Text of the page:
Case Report ARTICLE
Case Report: Challenging Otologic Surgery in Patients With 22q11.2 Deletion Syndrome
- 1Department of Otorhinolaryngology and Head and Neck Surgery, University Medical Center Utrecht, Utrecht, Netherlands
- 2Brain Center Rudolf Magnus, University Medical Center Utrecht, Utrecht, Netherlands
Patients with 22q11.2 deletion syndrome frequently have conductive hearing loss and/or chronic otitis media. Otologic surgery is often opted for. We present two patients undergoing otologic surgery. This case report outlines the typical otologic surgical challenges in patients with 22q11.2 deletion syndrome. Case one is a 52 year old male patient with chronic otitis media who underwent a mastoidectomy. The pre-operative CT scan showed a fused lateral semicircular canal and vestibule. Peroperatively, the lateral semicircular canal could not be used as a landmark to identify the facial nerve. Case two is a 10 year old female patient with conductive hearing loss. A middle ear inspection was performed where a bony epitympanic fixation of the malleus was encountered. In addition, the manubrium of the malleus was atrophic and also fixated. The bony fixation was removed, as was the manubrium of the malleus. Otologists should be aware of these typical anatomical variations in patients with 22q11.2 deletion syndrome. We recommend to use CT scanning of the middle and inner ear when preparing for otologic surgery in 22q11.2 deletion syndrome.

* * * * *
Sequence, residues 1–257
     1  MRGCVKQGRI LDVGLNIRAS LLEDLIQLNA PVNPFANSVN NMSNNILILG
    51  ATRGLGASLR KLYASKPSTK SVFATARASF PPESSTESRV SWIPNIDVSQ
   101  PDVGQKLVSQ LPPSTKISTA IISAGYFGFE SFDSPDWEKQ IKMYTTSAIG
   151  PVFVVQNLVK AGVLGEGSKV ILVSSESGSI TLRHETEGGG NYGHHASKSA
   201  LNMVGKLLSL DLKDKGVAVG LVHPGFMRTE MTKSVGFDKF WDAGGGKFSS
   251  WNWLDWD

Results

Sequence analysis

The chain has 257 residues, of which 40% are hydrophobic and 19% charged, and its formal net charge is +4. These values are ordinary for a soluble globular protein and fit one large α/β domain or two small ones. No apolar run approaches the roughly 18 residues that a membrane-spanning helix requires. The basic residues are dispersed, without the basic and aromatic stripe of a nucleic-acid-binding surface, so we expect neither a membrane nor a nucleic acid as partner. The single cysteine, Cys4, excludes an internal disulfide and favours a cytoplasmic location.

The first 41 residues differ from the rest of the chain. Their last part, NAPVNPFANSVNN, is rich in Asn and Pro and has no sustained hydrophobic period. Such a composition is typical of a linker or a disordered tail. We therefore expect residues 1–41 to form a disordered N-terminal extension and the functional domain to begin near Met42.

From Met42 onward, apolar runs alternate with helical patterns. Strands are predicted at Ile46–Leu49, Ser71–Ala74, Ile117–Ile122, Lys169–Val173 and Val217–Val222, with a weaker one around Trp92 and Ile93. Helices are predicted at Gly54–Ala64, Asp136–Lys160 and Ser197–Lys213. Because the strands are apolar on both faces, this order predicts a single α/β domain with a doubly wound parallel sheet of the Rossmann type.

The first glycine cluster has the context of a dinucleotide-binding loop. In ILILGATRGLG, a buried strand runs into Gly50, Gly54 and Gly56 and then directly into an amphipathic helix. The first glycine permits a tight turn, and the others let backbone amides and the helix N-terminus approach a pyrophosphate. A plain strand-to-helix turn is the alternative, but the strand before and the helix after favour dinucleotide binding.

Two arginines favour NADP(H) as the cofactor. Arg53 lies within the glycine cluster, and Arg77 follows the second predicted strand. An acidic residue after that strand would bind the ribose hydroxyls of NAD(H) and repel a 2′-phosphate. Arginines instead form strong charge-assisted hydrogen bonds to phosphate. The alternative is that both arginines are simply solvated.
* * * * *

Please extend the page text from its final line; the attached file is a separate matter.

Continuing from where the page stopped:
The 22q11.2 deletion syndrome (22q11DS), also known as DiGeorge syndrome or velocardiofacial syndrome, is caused by a microdeletion on chromosome 22 and is the most frequent microdeletion syndrome in humans, occurring in approximately 1 in every 3,000 to 6,000 live births (1). It has a heterogeneous presentation with a broad range of manifestations such as cardiac anomalies, immunodeficiency, velopharyngeal insufficiency and otologic problems. The severity of health issues varies within the 22q11DS patient population (1, 2). Otologic manifestations reported in the literature are conductive or sensorineural hearing loss, the former being the more prevalent. Patients can suffer from recurrent or chronic otitis media, warranting surgical treatment in some cases (3–9). Anatomical malformations of the middle and inner ear have also been described. Among the otologic anatomic malformations found in patients with 22q11DS are ossicular chain anomalies, a malformed lateral semicircular canal and a fused lateral semicircular canal and vestibule (10–12). During mastoidectomy, the lateral semicircular canal is an important landmark for the inner ear in relation to the facial nerve (13). A limited number of reports have been provided thus far regarding 22q11DS and otologic surgery. We report two patients with 22q11DS who underwent otologic surgery and were found to have anatomical malformations of the middle and inner ear. It is of value to be acquainted surgically with the possible anatomical variations, to avoid surgical complications (i.e., deaf ear, iatrogenic damage to the labyrinth or facial nerve) and to plan ossicular chain surgery.